Introduction: Helpful Preferences for LectureNotes on the Samsung Galaxy Note 10.1
As always I like to start with the Notebooks Board in Lecture Notes as a jumping off point for Instructables. This set of instructions is a tutorial on setting some beginners preferences in LectureNotes on the Samsung Galaxy Note 10.1.
Like many of you I am learning LectureNotes as I go along, and if I had all of these items set before jumping in, getting used to the feature set would have been much easier.
Beginning at the LectureNotes Board we are going to move into modifying some application settings. I have already created some Notebooks in the application, but it was very helpful organizationally to make some folders for each of the classes I am currently using the app to take notes for.
First we are going to open the application menu (three vertical dashes in the top right corner) and select 'Settings.'
Step 2: Input Preferences
The first menu 'Input' allows you to set some items that pertain to general functions of stylus and finger input.
The first option, 'Use Stylus (Hardware Detection)' only works on the Samsung Galaxy Note 10.1 and other stylus input devices that use active stylus technology. This option disables the rest of the list because it does all of the other options that would otherwise be emulated.
The 'Use Stylus Buttons' box will come in hand later because it allows you to have a one click eraser or other option.
The three options I have checked under 'Gestures' at the bottom of this image detect and allow you to zoom with two fingers while ignoring all other touch input. I like to enable continuous scrolling so it scrolls incrementally instead of page-by-page.
'Allow two fingers zooming' only works when you have checked the zoom tool in the Notebooks drop down menu, but allows you to pinch to zoom.Use
Step 3: Menu Preferences
'Enable app's launcher icon menu' is a great feature which gives you a navigation menu under the little red notebook icon in the top left. I leave this enabled and disable the Samsung 'back' button (option under 'Display' > 'Disable Back Key') so my arm doesn't accidentally exit the notebook.
'Hide app name' gives you more space to see icons in the notebook tool tray, and seeing the app name isn't really necessary.
'Hide Zoom Icon' is up to you, but I removed it because I never used it.
'Hide Redo Icon' is also up to you, but I removed it because I usually only use undo.
'Hide page backward and forward icons' I would disable these items in the toolbar if you have two finger scrolling enabled, since these become repetitive with that feature.
'Hide Arrow Icon' I disabled this because I never used it.
'Hide Share Icon' I disabled this because I didn't use it enough, and I also use the app menu to export to PDF before sharing something.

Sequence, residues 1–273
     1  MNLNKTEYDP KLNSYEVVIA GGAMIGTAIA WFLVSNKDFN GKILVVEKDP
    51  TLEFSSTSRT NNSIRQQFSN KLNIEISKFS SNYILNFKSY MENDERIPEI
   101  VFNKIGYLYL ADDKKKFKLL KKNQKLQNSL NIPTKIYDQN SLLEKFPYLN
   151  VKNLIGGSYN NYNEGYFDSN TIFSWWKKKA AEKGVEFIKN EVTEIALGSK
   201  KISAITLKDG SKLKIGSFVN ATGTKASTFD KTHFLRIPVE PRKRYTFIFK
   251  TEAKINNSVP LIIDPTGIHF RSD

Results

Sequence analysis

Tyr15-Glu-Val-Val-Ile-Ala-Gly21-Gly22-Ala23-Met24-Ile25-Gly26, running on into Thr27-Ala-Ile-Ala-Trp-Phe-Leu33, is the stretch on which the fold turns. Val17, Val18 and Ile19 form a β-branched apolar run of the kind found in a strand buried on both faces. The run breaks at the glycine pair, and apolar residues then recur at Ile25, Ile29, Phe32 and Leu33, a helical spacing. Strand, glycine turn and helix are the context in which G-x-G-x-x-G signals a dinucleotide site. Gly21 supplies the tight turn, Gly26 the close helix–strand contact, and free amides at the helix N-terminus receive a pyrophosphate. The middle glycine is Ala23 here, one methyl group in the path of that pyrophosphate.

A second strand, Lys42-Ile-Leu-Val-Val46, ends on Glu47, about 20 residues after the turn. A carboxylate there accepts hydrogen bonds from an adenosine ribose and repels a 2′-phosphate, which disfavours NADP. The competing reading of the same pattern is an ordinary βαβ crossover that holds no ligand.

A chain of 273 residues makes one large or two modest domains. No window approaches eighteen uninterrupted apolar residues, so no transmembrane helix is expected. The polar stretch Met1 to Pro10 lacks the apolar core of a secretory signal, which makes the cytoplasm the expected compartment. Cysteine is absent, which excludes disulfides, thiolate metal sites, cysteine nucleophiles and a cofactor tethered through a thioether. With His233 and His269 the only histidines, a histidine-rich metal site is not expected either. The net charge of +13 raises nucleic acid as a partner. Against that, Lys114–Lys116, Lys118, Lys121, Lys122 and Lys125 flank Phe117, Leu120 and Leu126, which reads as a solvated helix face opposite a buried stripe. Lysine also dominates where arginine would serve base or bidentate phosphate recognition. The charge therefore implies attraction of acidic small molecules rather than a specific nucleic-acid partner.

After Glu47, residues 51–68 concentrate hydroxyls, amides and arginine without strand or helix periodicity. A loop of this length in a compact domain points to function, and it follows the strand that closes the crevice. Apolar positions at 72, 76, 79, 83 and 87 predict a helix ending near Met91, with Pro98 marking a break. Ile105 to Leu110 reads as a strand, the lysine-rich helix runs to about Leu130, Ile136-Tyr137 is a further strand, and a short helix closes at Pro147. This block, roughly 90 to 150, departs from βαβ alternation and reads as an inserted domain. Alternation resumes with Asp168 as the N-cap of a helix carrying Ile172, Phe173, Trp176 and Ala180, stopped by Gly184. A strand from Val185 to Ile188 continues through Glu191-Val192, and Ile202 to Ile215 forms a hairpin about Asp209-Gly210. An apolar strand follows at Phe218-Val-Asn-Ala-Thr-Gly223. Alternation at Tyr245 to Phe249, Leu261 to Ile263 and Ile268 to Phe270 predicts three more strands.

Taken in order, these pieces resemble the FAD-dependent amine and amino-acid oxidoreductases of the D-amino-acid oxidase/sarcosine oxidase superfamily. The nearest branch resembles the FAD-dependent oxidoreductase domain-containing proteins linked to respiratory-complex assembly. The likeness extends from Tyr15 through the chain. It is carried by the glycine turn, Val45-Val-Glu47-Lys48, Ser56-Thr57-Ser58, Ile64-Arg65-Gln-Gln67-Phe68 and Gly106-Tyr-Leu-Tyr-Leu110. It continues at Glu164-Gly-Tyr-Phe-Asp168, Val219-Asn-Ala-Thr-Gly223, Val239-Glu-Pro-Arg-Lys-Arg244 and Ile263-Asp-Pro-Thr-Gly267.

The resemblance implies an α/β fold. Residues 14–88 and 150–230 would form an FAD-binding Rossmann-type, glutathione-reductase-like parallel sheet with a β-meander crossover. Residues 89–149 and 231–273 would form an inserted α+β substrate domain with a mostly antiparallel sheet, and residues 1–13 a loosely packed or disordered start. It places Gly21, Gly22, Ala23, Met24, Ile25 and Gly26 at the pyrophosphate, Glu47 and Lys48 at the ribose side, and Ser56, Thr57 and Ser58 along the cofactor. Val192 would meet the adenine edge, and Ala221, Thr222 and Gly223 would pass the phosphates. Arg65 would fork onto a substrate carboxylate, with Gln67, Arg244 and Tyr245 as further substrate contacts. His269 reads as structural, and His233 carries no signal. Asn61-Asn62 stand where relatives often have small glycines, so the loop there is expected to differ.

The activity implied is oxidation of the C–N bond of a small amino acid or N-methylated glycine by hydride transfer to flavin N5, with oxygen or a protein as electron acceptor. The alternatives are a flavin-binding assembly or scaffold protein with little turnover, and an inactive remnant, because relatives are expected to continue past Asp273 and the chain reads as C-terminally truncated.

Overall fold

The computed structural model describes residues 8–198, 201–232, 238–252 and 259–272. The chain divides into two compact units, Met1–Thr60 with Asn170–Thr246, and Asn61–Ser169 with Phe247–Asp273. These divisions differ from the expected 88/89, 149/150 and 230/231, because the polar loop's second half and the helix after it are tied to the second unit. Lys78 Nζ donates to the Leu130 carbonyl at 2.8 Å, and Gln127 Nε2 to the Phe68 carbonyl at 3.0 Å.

Step 4: Handling Preferences
'One time eraser' Here is where the stylus button enabling becomes useful. I enabled this feature so when I clicked the stylus button I could use the eraser quickly and it would snap back to the writing tool. This also works if you click on the eraser icon.
'Use volume keys' allows you to scroll your page with the volume rocker keys.
Step 5: Tools
In the application you can open the writing tools drop down menu and choose 'Show Pencil Toolbox' and the items under that heading are what appear in that toolbox.
'Quick custom pencil settings' allows you to double tap all of your custom pencils and modify their settings without going into the contextual menu for all custom pencils.
Step 6: Import Import PDF Setup
Be sure to modify your PDF settings as you see fit here.
Under 'Import' > 'Import PDF setup' you can modify the way PDFs import into each notebook.
See Image 2 for more options:
I think anywhere between 80-150 dots per inch has worked well for all of my imports, and gives me a good base to work with.
Render pages on a white background is the default option, and I haven't had a reason to have a translucent background.
I did opt to keep the aspect ratio of imported PDF pages because I like to import smaller than A4 PDF slides and write above and below them rather than cropping the notebook to the PDF.
This is going to be the most important option for most people, you can import a slide anywhere on an A4/Letter size sheet and this gives you options for that alignment. I like to have them horizontally and vertically centered so I can write above and below each slide I import. This will also help when your slides are closer to A4/Letter because each slide will be centered rather than leave a white gap on just the bottom.
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